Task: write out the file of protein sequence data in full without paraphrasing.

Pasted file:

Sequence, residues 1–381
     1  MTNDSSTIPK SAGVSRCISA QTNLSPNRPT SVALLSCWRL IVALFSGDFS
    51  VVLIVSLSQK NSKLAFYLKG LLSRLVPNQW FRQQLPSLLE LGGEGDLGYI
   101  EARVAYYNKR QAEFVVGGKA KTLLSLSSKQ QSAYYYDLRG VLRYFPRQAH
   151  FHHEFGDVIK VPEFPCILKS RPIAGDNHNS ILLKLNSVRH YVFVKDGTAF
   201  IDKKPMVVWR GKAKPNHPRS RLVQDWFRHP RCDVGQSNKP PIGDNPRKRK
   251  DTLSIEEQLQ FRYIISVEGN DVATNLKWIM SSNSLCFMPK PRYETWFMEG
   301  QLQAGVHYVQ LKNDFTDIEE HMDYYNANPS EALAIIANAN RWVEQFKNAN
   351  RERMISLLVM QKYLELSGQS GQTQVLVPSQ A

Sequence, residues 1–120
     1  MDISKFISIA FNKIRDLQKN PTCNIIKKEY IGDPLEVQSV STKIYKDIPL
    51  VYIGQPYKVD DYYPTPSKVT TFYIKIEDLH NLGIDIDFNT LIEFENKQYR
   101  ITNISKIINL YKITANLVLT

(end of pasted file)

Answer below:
Sequence, residues 1–381
     1  MTNDSSTIPK SAGVSRCISA QTNLSPNRPT SVALLSCWRL IVALFSGDFS
    51  VVLIVSLSQK NSKLAFYLKG LLSRLVPNQW FRQQLPSLLE LGGEGDLGYI
   101  EARVAYYNKR QAEFVVGGKA KTLLSLSSKQ QSAYYYDLRG VLRYFPRQAH
   151  FHHEFGDVIK VPEFPCILKS RPIAGDNHNS ILLKLNSVRH YVFVKDGTAF
   201  IDKKPMVVWR GKAKPNHPRS RLVQDWFRHP RCDVGQSNKP PIGDNPRKRK
   251  DTLSIEEQLQ FRYIISVEGN DVATNLKWIM SSNSLCFMPK PRYETWFMEG
   301  QLQAGVHYVQ LKNDFTDIEE HMDYYNANPS EALAIIANAN RWVEQFKNAN
   351  RERMISLLVM QKYLELSGQS GQTQVLVPSQ A

Sequence, residues 1–120
     1  MDISKFISIA FNKIRDLQKN PTCNIIKKEY IGDPLEVQSV STKIYKDIPL
    51  VYIGQPYKVD DYYPTPSKVT TFYIKIEDLH NLGIDIDFNT LIEFENKQYR
   101  ITNISKIINL YKITANLVLT